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Whistler's Camp of Champions files for bankruptcy

Local institution closes after 28 years

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The Camp of Champions has shut down after 28 years.

In a post on its website made Wednesday night, founder Ken Achenbach announced the camp would file for bankruptcy to ensure those who had enrolled for 2017 instruction would receive a refund. The post adds these people should hear from the receiver in the coming days with more information about how to claim the refund.

In an interview, Achenbach was audibly crushed by the decision, which he said was necessitated after receiving an email from Whistler Blackcomb on May 31. The email, Achenbach said, claimed the snowpack on the Horstman Glacier was not as dense as it might have appeared and the size of jumps would have to be limited. Unable to build a park that would meet his standards, Achenbach didn't want young snow-lovers travelling long distances to find unsatisfactory conditions.

His own measurements done prior to WB's email suggested that the glacier might not be in ideal shape.

"I didn't want it to be true but I could read between the lines," he told Pique on Thursday morning, June 8. "We measured it about a month ago.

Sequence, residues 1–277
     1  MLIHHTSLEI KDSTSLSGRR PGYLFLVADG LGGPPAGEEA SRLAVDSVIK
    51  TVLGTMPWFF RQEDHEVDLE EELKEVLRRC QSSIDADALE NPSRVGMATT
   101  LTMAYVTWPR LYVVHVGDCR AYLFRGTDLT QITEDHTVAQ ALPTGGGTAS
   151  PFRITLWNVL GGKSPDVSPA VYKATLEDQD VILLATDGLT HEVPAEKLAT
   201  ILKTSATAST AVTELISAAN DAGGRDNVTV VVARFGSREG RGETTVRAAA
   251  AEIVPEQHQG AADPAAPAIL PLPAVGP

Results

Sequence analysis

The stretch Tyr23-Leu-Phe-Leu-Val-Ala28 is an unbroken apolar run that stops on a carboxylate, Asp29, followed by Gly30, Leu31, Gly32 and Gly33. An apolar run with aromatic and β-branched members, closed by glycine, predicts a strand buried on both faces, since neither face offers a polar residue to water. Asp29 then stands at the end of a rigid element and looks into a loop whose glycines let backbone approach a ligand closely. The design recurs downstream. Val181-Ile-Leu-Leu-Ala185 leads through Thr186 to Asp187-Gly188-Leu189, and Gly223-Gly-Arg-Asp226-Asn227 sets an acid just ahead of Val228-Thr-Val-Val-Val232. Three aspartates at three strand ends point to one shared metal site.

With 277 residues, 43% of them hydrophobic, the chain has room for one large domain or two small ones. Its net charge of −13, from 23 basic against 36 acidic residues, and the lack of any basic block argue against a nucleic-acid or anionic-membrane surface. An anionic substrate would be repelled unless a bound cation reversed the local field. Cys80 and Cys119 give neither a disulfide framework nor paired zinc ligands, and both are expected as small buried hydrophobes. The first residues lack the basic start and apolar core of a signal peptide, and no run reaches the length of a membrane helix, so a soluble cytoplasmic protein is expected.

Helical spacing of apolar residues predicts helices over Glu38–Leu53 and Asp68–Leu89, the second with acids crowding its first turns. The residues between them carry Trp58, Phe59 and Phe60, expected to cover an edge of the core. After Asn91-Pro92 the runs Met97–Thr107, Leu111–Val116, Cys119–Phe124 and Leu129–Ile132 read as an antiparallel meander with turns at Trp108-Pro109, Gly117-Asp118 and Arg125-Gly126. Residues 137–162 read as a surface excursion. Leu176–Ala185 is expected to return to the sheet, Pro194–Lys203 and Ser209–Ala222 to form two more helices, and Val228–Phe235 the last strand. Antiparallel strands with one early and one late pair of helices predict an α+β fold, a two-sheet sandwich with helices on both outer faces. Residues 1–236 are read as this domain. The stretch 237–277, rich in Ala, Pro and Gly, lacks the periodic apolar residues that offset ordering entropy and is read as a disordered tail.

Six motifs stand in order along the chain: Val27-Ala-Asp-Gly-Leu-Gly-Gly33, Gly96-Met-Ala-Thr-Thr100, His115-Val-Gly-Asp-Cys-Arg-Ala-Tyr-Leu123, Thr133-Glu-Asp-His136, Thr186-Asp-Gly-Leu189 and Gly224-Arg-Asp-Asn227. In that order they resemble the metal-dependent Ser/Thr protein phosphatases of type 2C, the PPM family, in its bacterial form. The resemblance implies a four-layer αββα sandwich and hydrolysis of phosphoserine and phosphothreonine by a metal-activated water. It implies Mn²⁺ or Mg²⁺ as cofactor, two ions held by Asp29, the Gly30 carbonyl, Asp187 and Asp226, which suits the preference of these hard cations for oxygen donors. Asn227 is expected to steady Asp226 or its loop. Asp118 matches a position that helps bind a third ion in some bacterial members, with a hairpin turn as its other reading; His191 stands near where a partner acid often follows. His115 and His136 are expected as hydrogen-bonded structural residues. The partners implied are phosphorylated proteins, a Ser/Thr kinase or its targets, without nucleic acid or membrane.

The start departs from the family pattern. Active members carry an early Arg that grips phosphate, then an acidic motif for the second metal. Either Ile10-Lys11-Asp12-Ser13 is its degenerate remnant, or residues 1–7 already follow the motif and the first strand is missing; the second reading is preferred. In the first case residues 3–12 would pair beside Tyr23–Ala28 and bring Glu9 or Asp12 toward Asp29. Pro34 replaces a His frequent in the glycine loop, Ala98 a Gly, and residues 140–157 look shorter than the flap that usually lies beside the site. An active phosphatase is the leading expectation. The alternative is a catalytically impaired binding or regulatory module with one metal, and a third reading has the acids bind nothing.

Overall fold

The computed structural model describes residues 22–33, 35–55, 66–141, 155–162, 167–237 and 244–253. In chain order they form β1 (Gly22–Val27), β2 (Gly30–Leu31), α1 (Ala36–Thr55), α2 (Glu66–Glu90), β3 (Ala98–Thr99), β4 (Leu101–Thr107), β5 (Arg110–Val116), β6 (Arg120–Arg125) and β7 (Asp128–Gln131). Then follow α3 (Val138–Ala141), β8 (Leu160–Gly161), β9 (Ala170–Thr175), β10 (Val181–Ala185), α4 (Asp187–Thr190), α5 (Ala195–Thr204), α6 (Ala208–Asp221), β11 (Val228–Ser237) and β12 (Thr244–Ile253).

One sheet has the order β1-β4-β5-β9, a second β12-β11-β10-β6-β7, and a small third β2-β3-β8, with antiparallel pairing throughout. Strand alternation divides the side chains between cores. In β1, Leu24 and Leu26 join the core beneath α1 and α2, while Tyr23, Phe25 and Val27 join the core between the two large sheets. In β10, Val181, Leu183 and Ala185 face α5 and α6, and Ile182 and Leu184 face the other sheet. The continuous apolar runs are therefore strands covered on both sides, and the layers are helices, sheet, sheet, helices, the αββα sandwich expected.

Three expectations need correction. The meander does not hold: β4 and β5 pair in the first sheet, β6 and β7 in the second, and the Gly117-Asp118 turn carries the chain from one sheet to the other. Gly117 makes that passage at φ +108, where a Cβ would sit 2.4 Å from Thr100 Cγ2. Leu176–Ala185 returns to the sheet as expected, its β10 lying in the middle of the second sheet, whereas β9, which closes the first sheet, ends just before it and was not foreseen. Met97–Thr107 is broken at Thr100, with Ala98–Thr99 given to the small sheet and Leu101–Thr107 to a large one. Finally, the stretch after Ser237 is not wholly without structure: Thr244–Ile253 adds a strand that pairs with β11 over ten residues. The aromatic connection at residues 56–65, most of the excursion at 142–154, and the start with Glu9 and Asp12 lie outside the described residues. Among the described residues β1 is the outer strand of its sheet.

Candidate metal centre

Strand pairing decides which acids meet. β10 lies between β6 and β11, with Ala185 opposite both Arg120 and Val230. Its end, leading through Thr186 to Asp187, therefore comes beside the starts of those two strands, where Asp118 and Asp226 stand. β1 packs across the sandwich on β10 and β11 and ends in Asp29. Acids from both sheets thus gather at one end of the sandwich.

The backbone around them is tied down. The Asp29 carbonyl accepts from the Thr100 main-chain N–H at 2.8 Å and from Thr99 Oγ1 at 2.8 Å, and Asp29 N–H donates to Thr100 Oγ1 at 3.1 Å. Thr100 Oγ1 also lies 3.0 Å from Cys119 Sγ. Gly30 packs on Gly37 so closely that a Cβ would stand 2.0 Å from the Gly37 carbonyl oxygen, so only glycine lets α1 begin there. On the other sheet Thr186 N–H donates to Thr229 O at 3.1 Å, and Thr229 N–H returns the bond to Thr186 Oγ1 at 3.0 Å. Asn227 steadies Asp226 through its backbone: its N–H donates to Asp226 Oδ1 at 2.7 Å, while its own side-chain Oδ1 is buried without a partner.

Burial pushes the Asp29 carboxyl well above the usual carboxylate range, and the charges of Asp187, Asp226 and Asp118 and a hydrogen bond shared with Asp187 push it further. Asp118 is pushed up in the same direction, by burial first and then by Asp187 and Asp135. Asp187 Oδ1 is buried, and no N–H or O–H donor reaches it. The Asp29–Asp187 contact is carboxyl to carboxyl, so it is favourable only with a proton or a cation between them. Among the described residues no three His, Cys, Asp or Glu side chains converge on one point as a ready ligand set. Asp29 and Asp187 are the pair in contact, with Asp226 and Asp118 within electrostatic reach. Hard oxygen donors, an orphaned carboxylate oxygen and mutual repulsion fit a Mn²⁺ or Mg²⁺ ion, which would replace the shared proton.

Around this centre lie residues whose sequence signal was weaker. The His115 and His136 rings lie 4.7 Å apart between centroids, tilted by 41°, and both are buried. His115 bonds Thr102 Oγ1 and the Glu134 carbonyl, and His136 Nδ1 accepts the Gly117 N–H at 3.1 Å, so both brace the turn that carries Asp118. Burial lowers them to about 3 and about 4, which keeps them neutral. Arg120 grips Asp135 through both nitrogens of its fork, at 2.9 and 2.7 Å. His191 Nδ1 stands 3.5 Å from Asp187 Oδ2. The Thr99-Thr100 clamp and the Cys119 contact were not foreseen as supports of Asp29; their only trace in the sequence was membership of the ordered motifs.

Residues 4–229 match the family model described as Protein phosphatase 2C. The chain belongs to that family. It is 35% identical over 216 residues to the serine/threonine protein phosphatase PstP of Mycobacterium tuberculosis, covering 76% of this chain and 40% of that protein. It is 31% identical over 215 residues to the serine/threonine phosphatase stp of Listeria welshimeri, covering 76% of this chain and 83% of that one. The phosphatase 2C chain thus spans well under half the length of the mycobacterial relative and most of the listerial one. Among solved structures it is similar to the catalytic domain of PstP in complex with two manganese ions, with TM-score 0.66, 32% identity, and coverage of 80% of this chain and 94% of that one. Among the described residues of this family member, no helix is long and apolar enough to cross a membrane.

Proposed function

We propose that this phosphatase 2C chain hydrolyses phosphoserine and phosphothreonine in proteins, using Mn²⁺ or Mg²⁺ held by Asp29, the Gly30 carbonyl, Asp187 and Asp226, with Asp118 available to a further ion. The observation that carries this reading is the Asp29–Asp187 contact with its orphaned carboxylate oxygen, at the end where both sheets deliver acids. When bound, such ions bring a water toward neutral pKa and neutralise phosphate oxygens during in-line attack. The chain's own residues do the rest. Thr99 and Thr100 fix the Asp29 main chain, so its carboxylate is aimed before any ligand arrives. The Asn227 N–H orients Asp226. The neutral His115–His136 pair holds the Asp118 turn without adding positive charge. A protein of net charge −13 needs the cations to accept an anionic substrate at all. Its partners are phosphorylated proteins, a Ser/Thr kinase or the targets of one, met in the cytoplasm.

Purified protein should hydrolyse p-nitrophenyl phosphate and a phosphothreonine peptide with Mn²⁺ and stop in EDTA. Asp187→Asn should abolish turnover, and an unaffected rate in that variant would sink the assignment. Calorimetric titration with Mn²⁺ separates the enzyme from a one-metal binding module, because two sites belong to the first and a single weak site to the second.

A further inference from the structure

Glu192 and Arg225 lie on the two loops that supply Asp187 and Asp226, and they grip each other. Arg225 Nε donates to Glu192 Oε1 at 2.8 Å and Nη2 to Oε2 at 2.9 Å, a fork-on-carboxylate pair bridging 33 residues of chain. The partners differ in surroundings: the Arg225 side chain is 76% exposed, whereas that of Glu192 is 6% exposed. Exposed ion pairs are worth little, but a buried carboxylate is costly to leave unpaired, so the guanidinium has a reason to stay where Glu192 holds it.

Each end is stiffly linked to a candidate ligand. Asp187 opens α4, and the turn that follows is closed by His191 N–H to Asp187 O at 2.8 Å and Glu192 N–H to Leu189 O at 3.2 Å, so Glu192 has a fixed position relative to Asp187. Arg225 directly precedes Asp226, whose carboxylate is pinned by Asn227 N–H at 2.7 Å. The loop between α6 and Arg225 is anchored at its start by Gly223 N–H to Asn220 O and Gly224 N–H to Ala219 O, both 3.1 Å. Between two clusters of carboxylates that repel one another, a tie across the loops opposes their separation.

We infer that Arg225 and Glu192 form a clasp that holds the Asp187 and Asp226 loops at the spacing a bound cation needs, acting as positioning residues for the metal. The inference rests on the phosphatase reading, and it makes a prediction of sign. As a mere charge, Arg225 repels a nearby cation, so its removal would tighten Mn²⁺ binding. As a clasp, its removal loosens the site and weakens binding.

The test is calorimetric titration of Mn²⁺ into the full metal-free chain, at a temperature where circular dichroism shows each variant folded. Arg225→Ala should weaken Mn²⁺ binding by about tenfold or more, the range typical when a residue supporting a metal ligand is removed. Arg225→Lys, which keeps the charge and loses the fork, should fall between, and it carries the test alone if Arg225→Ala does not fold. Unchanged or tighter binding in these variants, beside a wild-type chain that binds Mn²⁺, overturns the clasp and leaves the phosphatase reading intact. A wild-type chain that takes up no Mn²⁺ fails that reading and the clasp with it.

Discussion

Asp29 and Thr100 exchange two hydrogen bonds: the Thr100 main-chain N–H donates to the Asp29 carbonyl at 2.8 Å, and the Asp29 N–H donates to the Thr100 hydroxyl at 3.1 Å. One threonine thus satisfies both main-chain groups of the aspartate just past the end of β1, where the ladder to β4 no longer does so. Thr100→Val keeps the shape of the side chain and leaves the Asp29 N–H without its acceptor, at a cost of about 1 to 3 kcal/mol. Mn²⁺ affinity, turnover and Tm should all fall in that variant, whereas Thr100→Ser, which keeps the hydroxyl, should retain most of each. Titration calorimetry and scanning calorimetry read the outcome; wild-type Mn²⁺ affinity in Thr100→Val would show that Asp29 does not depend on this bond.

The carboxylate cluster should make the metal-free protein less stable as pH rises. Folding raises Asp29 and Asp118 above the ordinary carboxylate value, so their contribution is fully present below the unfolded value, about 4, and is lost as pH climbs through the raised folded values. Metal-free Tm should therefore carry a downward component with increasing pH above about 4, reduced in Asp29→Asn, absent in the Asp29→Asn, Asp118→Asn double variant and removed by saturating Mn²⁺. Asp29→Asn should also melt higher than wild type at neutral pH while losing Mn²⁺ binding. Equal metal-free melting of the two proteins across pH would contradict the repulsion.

"There was four-and-a-half feet (1.4 m) and it wasn't enough snow."

While snowmaking has regularly occurred on the glacier the past two years, the cost of creating enough snow to make up the shortfall was prohibitive.

Achenbach said in his post that he's noticed glacial loss - estimating the rock on which he sat to do up his bindings in 1989 is now roughly 40 metres up from the highest reaches of the Camp of Champions' park. He said it's accelerated in recent years, with the entrance to the glacier moving down about 12 metres last year. Last season, he noted, the T-bar couldn't open until the later part of January.

Momentum Ski Camps will continue to operate on the glacier this season. However, Achenbach said Momentum's terrain is on a different part of the glacier that was less affected by WB moving snow.

"There's snow on that side of the glacier because Whistler Blackcomb didn't have to move snow to get that last pitch going," he said. "Whistler Blackcomb needed the snow to keep the T-bar operational and there wasn't enough left for the camp.

"It's not Whistler Blackcomb's fault. It's global warming."

Achenbach appreciated the opportunity to operate in the community and is proud of what the camp accomplished in its time, including having some of the biggest names in snow sports, like Shaun White, come through the camp.

"It was the best job in the world and the most fun job in the world," he said.

Achenbach said going forward, he'll focus on his Pro Standard line of GoPro mounts.

More to come.

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